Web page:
Advertisement

12 Arrested in Ventura County Raids : Crime: Crackdown follows yearlong sting directed at chiropractors and lawyers who allegedly 'buy' patients and bilk insurers.

December 02, 1994|MACK REED | TIMES STAFF WRITER

VENTURA — Targeting lawyers and chiropractors who allegedly "buy" patients and bilk the insurance industry, 150 law officers swarmed across Ventura County in 26 simultaneous raids Thursday morning to end a yearlong insurance fraud sting.

Just minutes after 9 a.m., officers flashed badges and search warrants at suspects' homes and offices from Ojai to Agoura Hills and began seizing hundreds of pages of allegedly bogus workers' compensation claims.

For the Record
Los Angeles Times Tuesday December 6, 1994 Ventura West Edition Metro Part B Page 6 Column 3 Zones Desk 2 inches; 45 words Type of Material: Correction
Same name--A Simi Valley chiropractor who was among 12 people arrested in an insurance-fraud sting has the same name as a Ventura chiropractor who was not involved in the alleged scheme. John R. Clark, 37, of Ventura, said he has been swamped with phone calls from concerned neighbors and patients since the Dec. 1 arrests.

By midafternoon they had arrested 12 people, including one Oxnard Police Department reserve officer who also worked as a chiropractor.

The raids capped a yearlong undercover inquiry by Ventura County investigators and state and national insurance officials that was dubbed "Operation What's Up Doc" by Ventura County Dist. Atty. Michael D. Bradbury.

Two investigators ensconced themselves in a Thousand Oaks office for most of a year, posing as Oak Tree Medical Marketing--a referral service that offered to steer workers' compensation claimants to doctors and lawyers for a fee, Bradbury said.

Oak Tree mailed out flyers offering a "resource capable of generating a new patient or client base" to doctors and lawyers. Many met with investigators, but once they learned that the service would "sell" clients, they refused to take the bait.

"Several of them said, 'Oh, yes, but you know that what you're doing is against the law,' " Bradbury said. However, others took the offer and counseled the investigators on how to cover their tracks, he said.

"We gave them the opportunity without crossing any entrapment lines," Bradbury said.

"The chiropractors and physicians offered money and were prepared to pay money for patients," said Chief Deputy Dist. Atty. John Geb, who runs his office's fraud unit. "That's called capping, and it's against the law."

Some suspects paid fees of $300 per patient, while others agreed to kick back 30% of the insurance payments to Oak Tree in exchange for patients, Geb said.

Undercover detectives and investigators posing as patients then showed up at chiropractors' offices and received treatment that was double- and triple-billed to insurance companies, Geb said.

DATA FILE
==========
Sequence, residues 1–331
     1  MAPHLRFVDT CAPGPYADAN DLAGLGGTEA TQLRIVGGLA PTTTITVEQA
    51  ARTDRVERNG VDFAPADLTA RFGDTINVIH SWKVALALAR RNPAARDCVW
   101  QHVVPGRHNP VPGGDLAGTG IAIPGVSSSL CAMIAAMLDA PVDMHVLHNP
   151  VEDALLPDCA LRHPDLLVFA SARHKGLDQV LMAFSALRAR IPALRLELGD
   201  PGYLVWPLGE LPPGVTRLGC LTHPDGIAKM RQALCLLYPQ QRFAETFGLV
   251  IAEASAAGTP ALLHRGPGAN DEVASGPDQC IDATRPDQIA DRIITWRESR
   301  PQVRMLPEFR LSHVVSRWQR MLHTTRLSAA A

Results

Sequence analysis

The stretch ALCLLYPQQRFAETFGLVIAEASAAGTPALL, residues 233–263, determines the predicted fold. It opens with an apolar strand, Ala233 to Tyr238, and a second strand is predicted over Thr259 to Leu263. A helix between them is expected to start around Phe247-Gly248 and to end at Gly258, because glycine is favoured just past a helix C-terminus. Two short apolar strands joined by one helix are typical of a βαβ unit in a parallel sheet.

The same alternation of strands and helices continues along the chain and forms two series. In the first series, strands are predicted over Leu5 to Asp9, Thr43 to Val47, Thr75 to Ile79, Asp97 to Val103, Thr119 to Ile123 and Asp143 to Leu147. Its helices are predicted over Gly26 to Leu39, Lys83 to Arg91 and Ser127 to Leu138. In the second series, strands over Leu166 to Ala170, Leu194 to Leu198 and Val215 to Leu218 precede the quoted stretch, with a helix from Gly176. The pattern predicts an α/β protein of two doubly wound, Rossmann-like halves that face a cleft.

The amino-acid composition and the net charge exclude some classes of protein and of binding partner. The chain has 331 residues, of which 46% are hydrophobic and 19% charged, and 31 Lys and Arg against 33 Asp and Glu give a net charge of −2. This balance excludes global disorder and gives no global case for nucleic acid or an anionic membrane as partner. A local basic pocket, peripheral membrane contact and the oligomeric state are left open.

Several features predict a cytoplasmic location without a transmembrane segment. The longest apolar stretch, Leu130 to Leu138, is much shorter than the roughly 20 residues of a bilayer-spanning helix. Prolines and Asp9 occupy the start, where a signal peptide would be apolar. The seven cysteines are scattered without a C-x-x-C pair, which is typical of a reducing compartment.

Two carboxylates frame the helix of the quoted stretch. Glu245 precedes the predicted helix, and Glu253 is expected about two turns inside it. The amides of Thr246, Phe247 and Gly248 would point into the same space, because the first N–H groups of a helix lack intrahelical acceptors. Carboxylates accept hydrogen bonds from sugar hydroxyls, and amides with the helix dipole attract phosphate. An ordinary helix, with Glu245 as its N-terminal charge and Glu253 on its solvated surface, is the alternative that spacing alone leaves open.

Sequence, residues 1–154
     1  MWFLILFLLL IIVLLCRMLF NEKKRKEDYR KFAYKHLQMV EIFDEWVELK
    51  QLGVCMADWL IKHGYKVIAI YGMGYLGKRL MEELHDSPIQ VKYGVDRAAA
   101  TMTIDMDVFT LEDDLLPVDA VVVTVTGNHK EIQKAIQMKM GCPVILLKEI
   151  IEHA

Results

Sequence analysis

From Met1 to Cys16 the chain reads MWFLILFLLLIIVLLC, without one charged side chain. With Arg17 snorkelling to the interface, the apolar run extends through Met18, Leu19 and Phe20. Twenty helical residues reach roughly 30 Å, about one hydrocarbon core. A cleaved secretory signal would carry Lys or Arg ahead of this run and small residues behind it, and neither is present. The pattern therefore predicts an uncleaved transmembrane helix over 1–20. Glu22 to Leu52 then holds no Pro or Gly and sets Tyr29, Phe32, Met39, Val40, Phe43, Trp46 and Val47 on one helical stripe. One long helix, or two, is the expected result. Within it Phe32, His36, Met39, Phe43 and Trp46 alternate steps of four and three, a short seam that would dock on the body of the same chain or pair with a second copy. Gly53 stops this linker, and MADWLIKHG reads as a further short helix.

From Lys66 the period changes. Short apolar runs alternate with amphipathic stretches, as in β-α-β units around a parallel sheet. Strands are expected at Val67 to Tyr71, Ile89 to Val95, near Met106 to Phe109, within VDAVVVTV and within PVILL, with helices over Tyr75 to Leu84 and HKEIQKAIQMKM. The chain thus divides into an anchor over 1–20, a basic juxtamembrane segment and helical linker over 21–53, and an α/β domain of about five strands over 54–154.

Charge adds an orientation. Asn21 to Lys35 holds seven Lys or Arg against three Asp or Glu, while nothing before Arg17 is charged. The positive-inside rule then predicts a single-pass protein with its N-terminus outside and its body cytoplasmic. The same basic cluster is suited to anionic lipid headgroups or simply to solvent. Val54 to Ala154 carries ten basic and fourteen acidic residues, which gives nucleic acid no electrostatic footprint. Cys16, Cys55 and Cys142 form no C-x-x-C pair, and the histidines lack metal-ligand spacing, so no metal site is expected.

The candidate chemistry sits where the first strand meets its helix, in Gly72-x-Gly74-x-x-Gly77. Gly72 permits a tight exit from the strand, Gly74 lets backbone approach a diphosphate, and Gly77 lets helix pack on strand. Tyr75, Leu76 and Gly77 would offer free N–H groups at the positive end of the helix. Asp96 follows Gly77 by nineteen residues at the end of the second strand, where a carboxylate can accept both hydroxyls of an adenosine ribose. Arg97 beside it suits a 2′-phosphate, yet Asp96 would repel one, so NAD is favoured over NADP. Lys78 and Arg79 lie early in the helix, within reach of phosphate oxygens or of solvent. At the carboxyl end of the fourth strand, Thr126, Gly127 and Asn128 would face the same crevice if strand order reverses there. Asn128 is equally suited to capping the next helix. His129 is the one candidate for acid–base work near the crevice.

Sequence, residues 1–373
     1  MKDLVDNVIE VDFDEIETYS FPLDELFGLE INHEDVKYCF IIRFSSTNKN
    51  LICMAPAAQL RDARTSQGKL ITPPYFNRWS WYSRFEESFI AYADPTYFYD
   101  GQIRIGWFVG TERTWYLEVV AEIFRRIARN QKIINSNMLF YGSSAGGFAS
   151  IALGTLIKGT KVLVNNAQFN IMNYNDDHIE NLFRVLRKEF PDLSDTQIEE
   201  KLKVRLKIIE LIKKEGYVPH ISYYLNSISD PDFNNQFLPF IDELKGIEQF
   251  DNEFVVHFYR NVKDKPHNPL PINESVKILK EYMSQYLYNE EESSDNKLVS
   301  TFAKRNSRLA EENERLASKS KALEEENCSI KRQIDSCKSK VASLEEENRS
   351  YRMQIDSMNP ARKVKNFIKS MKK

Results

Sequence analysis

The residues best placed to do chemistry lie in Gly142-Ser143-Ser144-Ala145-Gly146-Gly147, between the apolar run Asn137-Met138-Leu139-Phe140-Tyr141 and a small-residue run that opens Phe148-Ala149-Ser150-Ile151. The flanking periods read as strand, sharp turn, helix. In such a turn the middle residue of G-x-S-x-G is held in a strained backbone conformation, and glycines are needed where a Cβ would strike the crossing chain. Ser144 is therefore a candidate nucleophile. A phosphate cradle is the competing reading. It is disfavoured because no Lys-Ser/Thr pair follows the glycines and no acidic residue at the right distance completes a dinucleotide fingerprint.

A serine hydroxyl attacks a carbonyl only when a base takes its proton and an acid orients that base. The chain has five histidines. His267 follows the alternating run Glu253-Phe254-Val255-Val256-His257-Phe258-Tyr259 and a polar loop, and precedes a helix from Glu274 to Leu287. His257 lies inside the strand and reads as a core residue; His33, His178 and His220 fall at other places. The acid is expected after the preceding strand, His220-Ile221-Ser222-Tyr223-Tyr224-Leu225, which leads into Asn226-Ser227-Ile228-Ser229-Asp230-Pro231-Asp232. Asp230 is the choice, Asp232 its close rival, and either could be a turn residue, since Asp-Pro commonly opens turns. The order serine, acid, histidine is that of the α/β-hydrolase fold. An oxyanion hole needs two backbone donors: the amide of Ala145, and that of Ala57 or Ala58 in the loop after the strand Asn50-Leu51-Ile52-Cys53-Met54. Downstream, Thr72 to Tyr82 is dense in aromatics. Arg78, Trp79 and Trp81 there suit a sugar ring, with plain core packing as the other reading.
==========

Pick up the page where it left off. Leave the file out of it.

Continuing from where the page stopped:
"We have developed a significant number of leads regarding other professionals" involved in capping and fake billing, Bradbury said. He offered them amnesty from prosecution if they step forward in the next 30 days and agree to testify about the crimes.

Capping and workers' compensation fraud cost the insurance industry millions every year. Some of the offices raided Thursday were billing hundreds of thousands of dollars annually in fake workers' compensation claims, said Michael L. Powell of the National Insurance Crime Bureau, a nonprofit investigative group funded by the insurance and rental car industries.

Doctors and attorneys involved in it "are prostituting their professions," said Jerry Treadway of the California Department of Insurance.

The 12 people arrested will be charged with fraud and capping under the insurance and business and professions codes, and more charges may follow, Bradbury said.

The district attorney's office identified those arrested as Martin Harary, 50, an Oxnard attorney; David Clemens, 48, an Oxnard chiropractor, and Dr. Gary Rick, 49, a Ventura psychologist. The three are accused of paying for patients.

Prosecutors said they plan to charge Tom Fontenot, 43, an Oxnard police reserve officer who worked as a chiropractor in Camarillo and who allegedly billed insurers for services he did not render; chiropractor Steven Spunt, 34, Fontenot's office partner, who allegedly agreed to pay for patient referrals; Simi Valley chiropractor John Clark, 47, who allegedly discussed ways of defrauding an insurer with an undercover investigator, and Debra Martyn, 30, Clark's office manager.

Prosecutors said they also expect to charge Moorpark chiropractor Michael Hemphill, 47, and his wife, Julie Hemphill, 45, for allegedly agreeing to pay for patient referrals; Westlake Village law partners Steven Gross, 50, and Rand E. Pinsky, 45, for allegedly agreeing to pay for client referrals, and Agoura Hills attorney Donald Wylie, 46, for allegedly filing false claims with the Workers' Compensation Appeals Board.

Advertisement
Los Angeles Times Articles
|
|
|